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It was bound to happen sooner or later. At some point I was going to have reason to write about the same place a second time. I’m sure I will even come back to some places a third time – maybe even this one. This is a return to Kama Ginkas’s White Room at the Moscow Young Spectator Theater, located at 8 Mamonovsky Lane. I wrote about it once already, you can read that entry here. That was just nine months ago and I had no idea – maybe no one did – that the sad story I told then was about to come to an end. In brief, it is this: Kama Ginkas staged a historical production called We Play Crime, based on Fyodor Dostoevsky’s Crime and Punishment in this small building in 1991. The idea at the time was that Ginkas would use this little affiliate attached in spirit, but not in fact, to the Young Spectator Theater for many of his future works. But evil stepped in. An unscrupulous manager at the theater somehow irreversibly leased the little building away for 24 years to some business concern. Ginkas’s brilliant use of the space in that 1991 show could not be repeated or built upon, at least not in the same space. He lost access to this place that suited his art and vision so well. Now, however, this little building has been returned to the ownership of the theater and Ginkas wasted no time putting it to use. But not only is he putting it to theatrical use, he has had the whole place renovated in the style of the time it was built – some 200 years ago. But those are not the only changes. The first photo in the final block of photos below shows the space’s new entrance. In 1991 we walked into the space directly from the street (see the door at left in the two photos above). Now we walk around the building from the other side (see photo immediately below), and enter through a courtyard and patio. Once inside we are greeted by several gorgeous, brightly painted rooms that imitate what rooms might have looked like in the old days. There is a blue library with an old velvet sofa, a reddish sitting room with a fireplace, a video room where you can sit and watch video clips of the theater’s shows, a long, green corridor that leads from the entrance directly to the white performance space. (You can see the library and sitting room in the last block of photos below. In fact, the final photo shows how the architects left cutaways in walls in each room, revealing materials still left over from the original construction 200 years ago.)
Ginkas tells the story of the renovated space well in a post that was made to Facebook. Here is a translation of the pertinent segment of his post:
“Hurrah! I congratulate myself, Moscow Young Spectator Theater and everyone who understands! Today, unofficially as yet, we performed our production on the new (old!) stage that we call ‘Games in the Affiliate.’ Friends! For those who understand these things. This structure is at least 200 years old. It may be one of the few buildings left in Moscow after the fire. Do you understand? After Napoleon! After almost all of Moscow burned. This tiny little building in the empire style. Nobody knows what was here. But it still retains the charm of the old Moscow buildings of the nobility. And so – we renovated it and gave it (as best we could) the feel of old Moscow comfort. In the awful modern plaster drywall, without which you cannot do these days, unfortunately, we cut small windows that allow you to see the real wooden walls which have been standing there for two centuries. There is a tiny cafe next to a fireplace where you can have coffee or an inexpensive open-faced sandwich. There is a little library where you can sit and, by the light of a lamp, look through books about theater, and not only… There is a tiny room where you can watch videos of our shows….”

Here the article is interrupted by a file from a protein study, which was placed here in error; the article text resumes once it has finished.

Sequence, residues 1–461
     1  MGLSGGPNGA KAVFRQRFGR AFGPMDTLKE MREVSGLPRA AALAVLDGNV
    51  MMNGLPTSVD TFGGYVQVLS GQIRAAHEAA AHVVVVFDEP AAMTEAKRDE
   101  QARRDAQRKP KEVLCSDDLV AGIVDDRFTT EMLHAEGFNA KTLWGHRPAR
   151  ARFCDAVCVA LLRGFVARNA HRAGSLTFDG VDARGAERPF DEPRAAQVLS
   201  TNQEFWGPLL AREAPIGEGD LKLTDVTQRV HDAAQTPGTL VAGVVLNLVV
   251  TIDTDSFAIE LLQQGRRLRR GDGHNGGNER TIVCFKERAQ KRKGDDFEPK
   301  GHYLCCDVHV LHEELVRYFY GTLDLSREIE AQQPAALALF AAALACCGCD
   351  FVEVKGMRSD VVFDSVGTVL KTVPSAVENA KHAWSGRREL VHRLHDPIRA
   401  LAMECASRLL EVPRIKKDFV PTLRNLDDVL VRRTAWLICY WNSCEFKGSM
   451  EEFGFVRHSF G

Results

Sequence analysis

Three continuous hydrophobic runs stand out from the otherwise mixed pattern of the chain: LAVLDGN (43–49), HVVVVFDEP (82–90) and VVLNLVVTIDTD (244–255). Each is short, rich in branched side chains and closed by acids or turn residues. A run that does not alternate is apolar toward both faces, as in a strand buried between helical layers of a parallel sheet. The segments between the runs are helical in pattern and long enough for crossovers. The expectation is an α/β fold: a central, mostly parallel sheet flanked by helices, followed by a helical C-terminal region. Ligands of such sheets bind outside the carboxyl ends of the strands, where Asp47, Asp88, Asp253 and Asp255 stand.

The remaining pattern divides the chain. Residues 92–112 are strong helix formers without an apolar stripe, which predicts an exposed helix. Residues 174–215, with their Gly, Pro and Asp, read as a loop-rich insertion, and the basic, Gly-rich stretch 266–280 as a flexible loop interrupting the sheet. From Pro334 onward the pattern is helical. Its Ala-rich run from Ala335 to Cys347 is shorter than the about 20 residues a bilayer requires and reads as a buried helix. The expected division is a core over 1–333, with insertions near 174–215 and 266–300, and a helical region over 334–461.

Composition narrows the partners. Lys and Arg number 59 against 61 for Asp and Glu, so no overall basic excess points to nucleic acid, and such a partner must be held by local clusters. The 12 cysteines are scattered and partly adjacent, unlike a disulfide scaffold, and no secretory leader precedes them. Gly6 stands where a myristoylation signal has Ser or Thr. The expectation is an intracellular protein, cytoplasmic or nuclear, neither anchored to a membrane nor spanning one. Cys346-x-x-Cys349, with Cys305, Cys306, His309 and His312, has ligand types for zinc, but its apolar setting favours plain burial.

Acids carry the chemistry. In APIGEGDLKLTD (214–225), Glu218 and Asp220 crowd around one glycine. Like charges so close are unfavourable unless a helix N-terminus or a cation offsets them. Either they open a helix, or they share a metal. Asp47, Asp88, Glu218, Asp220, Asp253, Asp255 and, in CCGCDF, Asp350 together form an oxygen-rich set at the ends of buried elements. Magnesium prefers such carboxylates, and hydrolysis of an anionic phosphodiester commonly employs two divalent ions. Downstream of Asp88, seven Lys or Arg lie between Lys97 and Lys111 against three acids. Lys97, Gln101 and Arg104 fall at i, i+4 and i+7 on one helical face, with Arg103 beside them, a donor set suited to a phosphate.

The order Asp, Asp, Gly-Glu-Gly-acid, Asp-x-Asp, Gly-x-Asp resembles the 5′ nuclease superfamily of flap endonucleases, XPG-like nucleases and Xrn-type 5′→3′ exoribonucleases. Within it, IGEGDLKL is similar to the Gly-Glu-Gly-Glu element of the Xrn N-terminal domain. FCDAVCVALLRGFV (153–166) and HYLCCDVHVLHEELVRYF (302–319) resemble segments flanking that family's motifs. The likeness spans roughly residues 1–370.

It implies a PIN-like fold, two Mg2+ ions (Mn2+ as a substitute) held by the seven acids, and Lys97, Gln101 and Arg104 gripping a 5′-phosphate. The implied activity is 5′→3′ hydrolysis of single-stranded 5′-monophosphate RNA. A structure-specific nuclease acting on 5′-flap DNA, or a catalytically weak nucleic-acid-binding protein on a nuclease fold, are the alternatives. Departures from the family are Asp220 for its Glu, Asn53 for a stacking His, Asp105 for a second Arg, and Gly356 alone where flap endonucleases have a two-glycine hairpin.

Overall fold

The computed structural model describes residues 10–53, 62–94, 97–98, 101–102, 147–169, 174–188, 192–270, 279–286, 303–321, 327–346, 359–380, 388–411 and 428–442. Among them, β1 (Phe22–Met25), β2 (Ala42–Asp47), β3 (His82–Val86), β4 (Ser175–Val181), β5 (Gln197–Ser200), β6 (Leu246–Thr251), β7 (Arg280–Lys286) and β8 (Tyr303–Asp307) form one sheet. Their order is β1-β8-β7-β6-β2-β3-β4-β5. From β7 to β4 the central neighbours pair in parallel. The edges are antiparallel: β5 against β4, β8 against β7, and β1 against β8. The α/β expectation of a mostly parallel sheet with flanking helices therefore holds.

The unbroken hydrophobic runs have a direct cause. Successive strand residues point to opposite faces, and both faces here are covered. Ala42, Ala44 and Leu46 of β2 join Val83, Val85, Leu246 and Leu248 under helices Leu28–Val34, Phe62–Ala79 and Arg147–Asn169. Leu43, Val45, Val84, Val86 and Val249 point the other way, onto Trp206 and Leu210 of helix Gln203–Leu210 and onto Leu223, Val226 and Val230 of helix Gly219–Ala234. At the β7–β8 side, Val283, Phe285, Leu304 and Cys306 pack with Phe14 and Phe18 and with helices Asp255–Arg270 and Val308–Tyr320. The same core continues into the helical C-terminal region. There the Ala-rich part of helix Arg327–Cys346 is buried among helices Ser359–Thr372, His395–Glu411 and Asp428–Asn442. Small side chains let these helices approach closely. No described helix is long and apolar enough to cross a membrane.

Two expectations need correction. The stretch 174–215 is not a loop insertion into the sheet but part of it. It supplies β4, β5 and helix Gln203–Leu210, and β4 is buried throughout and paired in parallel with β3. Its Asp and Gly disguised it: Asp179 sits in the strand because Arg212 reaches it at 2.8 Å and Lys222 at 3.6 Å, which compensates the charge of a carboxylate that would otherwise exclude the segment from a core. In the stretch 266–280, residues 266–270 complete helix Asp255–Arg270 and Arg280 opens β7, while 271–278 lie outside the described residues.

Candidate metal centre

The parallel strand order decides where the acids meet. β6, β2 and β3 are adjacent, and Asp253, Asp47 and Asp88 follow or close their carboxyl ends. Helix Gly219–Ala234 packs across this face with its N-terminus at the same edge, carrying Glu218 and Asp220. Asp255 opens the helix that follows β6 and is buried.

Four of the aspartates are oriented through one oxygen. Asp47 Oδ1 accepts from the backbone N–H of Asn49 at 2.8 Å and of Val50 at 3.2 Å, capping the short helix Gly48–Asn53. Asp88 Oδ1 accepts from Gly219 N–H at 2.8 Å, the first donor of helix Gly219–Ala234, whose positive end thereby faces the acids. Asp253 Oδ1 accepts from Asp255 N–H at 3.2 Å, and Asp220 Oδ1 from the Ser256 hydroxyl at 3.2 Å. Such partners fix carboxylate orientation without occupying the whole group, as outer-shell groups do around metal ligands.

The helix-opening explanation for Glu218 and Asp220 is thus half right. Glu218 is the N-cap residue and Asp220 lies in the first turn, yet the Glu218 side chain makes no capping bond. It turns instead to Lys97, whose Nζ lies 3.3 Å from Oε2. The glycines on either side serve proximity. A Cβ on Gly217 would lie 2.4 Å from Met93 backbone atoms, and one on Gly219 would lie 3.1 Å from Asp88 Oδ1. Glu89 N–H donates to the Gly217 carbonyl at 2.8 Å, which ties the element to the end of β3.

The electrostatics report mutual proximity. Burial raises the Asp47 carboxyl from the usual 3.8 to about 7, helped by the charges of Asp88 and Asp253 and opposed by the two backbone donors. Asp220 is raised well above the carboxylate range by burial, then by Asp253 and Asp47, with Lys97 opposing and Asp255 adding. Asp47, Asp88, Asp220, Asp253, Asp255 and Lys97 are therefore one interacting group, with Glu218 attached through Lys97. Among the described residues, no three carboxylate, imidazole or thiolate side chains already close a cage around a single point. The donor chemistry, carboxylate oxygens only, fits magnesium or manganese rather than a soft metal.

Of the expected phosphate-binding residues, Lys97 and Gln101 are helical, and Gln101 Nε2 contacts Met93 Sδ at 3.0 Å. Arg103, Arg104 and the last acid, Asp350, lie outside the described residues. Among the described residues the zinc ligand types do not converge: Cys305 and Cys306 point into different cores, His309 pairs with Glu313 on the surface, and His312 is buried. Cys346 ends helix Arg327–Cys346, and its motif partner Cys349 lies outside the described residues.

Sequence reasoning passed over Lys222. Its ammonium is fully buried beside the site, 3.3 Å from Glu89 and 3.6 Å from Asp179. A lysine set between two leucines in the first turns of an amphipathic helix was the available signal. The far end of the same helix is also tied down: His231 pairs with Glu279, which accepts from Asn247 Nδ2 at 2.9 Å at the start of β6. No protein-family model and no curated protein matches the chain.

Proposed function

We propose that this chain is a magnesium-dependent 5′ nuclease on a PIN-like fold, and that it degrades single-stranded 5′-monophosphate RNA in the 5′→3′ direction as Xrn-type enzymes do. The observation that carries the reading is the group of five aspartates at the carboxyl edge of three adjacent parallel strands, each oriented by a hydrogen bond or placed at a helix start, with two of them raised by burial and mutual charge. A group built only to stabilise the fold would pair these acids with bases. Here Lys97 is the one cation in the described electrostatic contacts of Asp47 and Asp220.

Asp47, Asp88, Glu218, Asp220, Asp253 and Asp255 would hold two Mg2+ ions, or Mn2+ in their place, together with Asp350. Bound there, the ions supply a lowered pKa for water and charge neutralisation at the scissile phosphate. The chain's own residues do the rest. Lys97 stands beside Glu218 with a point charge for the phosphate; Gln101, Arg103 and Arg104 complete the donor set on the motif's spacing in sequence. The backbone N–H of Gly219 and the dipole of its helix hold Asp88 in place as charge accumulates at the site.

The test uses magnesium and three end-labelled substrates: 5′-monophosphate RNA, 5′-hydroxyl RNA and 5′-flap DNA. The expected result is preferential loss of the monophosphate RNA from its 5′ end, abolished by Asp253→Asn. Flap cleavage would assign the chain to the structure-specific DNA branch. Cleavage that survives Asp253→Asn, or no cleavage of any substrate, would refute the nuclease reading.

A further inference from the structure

I revisited this spectacular space last night for the first time since 1991. It was quite an experience, I must say. The occasion was Ginkas’s new production called On the Road to… Like We Play Crime, it is based on separate chapters from Dostoevsky’s Crime and Punishment, but, unlike the former production which focused on the characters of the intellectual assassin Raskolnikov and and the wily detective Porfiry Petrovich, this one looks at Raskolnikov and the mysterious figure of Svidrigailov, who, as Ginkas puts it, is a jester, a killer and a philosopher. Ginkas quotes from the old show liberally, but repeats nothing. He plays with the same old devices of shadows, a window, a bucket, but uses them in entirely new circumstances. Did I have the feeling that I was traveling back in time? Almost. Almost, but not quite. Because, like any great theater artist, Kama Ginkas is of the present moment. Always. And On the Road to... is of the present moment. It tells the hard, harsh and very sad tale of two men who have lost their way, for whom murder has been a sign of their lives and character, although, surely, neither one ever planned on that. But this is not the place to write a review. I am here today to celebrate the return to the Moscow theater map of one of its great spaces, lost since 1991. Now back in service and at the beck and call of Kama Ginkas and Moscow theater-goers.
A comment on a few of the photos above. Note the beautiful, clearly-traced shadows of a single tree spreading across the facade of the building. You can see it best in the second photo at the top. This ghostly apparition seemed so perfect, so appropriate, that I took that second shot specifically so as to enhance the arboreal shadow. It, indeed, was a night of shadows and specters and ghosts coming to life in a way that enriched the lives we are living today. That’s theater, yes. That’s Kama Ginkas.